I'd fallen out of the habit of church. During the winter it's impossible to really get into the church with the wheelchair. The church is located in a really residential area and often the plows simply don't get much of it removed. So while Joe went I'd stay home. I'd make a big pot of tea, curl up on the couch under my favourite blanket and read. This little ritual became more and more important to me. But when Joe asked if I'd come to church on Sunday, I could hear in his voice that he'd like me there. So I agreed. Reluctantly, I'll admit.
We got there very early so that we could get me in, get the car parked and not be rushing about. I don't like hurry as I find it gets in the way of so much. As the service began I enjoyed the whole thing. The music, the pagentry, being read to ... all of it seemed to be exactly what I needed. Then it came time for prayers. I am a regular prayer, I believe in prayer ... so why is it that when someone asks me to bow my head and pray, I never can. It seems a bit contrived, like being forced to chat with Grandma while my mom goes for a pee.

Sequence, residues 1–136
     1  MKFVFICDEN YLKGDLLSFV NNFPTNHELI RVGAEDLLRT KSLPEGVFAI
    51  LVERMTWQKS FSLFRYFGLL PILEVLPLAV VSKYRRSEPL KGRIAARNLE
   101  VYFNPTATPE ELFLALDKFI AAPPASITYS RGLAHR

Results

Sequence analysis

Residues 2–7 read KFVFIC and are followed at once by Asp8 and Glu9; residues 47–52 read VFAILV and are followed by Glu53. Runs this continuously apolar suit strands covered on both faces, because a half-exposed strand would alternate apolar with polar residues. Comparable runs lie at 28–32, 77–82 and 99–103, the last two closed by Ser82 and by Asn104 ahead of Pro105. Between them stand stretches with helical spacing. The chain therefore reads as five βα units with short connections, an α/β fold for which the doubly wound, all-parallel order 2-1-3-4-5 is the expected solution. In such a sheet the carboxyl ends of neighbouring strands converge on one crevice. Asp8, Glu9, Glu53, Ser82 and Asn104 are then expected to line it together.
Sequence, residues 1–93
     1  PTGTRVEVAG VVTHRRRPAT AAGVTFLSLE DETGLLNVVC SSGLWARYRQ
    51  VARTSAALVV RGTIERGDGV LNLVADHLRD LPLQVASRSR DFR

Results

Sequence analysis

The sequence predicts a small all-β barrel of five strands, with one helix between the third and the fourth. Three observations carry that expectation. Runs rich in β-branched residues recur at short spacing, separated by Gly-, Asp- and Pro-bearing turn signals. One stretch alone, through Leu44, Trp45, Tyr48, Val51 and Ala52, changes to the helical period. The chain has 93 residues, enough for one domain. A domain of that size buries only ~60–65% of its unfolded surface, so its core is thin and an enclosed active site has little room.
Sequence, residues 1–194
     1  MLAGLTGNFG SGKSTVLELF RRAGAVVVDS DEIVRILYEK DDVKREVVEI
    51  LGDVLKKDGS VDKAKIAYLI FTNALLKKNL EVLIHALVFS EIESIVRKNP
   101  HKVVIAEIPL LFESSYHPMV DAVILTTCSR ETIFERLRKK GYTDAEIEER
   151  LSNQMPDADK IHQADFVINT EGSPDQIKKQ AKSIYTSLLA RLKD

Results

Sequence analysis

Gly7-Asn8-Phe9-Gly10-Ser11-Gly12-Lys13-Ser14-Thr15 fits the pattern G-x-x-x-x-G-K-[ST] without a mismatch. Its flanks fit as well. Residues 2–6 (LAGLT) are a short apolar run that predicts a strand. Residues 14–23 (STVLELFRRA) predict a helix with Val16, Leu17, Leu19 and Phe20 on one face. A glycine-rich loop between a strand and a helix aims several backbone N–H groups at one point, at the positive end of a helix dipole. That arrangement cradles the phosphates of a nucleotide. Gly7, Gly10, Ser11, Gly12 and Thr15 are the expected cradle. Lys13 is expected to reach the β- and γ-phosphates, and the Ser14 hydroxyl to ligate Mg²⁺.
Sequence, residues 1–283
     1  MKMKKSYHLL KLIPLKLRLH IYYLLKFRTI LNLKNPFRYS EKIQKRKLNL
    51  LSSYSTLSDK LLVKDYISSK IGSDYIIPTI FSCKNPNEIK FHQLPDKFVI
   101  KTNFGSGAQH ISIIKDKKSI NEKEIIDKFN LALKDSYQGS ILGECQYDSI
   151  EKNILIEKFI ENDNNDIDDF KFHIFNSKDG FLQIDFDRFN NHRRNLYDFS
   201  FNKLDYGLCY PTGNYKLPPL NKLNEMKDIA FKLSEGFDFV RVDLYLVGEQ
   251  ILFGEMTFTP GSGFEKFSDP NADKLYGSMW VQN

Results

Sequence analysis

So I bowed my head and thought about what to pray for ... nothing came. Then, suddenly, from somewhere deep in me came a prayer I tried to stop. It was a prayer for the two guys who had ridiculed me yesterday. It was a prayer for them to discover kindness. It was a prayer for those around them, for their kids, their wives, their friends, their family. We, each of us, need people in our lives with the gifts of kindness and compassion. Some day, some one will need something from those guys, something that requires a heart that works. I prayed that each of them, I could picture each face, would learn gentleness so that their lips could one day kiss away an accidental fall or even bruised feelings from a bullies taunt.
When I was done I wondered, 'Where did that come from?' I don't know if my prayer will ever be answered but, even so ... the idea that it might gave me hope.